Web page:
3. The Killer Hiding In Plain Sight

Matthew Lillard as Stu Macher and Skeet Ulrich as Billy Loomis in Scream

This one is a tricky entry, because, in the real world, murderers do typically know their victims. Horror movies sort of embrace that fact, except they also descend into hyperbole in a way that ultimately defies logic, and that’s where the trope stops making sense. That is, in horror films – those with a sense of mystery as to the identity of the killer, at least – it always seems that the killer was hiding in plain sight all along.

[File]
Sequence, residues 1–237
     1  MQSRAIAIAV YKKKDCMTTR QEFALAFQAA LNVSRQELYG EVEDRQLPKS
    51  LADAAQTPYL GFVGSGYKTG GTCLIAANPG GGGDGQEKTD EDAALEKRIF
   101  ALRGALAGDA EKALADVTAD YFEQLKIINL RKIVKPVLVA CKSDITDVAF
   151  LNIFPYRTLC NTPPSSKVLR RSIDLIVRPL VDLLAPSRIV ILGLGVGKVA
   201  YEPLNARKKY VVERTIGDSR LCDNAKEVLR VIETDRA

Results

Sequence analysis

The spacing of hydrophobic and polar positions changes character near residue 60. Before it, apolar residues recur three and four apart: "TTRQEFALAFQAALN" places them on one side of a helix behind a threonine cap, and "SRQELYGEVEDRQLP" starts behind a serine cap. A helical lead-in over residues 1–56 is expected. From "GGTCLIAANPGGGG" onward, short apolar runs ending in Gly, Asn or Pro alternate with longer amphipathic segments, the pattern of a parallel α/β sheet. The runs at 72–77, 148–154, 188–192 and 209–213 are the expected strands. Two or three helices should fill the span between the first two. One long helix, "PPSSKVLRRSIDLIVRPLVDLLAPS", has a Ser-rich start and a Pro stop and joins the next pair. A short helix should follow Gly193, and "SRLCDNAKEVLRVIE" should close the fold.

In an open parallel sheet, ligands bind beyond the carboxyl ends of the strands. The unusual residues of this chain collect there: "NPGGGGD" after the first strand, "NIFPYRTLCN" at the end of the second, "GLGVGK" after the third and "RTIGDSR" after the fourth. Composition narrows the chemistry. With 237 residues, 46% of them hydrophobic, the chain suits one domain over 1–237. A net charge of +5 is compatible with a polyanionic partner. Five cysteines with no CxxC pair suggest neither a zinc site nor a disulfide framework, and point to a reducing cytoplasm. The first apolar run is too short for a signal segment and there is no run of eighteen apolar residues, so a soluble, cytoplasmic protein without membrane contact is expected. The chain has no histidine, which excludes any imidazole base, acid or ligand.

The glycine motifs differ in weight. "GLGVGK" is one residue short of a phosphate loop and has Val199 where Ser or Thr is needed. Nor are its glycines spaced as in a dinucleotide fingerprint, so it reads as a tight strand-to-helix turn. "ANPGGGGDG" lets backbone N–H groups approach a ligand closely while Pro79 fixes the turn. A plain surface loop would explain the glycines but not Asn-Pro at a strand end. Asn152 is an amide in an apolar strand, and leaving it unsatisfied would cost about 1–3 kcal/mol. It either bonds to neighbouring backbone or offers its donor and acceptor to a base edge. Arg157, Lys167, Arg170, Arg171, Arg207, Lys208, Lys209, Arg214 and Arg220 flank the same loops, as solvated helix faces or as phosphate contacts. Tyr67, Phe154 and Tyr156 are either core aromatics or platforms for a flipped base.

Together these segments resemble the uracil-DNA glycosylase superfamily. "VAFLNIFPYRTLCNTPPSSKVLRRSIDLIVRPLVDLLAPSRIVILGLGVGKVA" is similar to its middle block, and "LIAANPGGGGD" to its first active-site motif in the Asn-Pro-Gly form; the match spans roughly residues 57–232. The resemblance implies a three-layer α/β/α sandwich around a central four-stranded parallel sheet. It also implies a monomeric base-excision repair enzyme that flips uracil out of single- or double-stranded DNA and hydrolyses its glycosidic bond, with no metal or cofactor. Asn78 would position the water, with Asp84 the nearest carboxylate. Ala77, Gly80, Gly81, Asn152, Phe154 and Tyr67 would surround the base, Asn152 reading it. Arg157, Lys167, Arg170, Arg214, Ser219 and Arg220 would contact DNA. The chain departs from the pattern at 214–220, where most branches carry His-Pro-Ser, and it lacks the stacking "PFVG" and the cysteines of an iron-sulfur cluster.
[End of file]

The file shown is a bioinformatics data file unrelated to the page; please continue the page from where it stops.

The Scream movies turned this reveal into something of an art form, hiding how silly it is with solid writing. Even so, it’s a trope that makes very little sense, because it relies upon the idea that all killers are incredible liars. The idea that the main character’s boyfriend or best friend or even parent could go on an unhinged killing frenzy without a single person truly suspecting them asserts that criminal masterminds walk freely among us, waiting for their opportunity to commit the most horrific acts imaginable.

Really, it’s just a pretty stupid trope. If someone close to you was capable of multiple brutal murders, you’d generally be aware of their violent nature or particularly troubled past. Mental illness and psychopathy can certainly be concealed, but rarely to the extent that certain horror movies believe, and that’s what makes the trope such nonsense.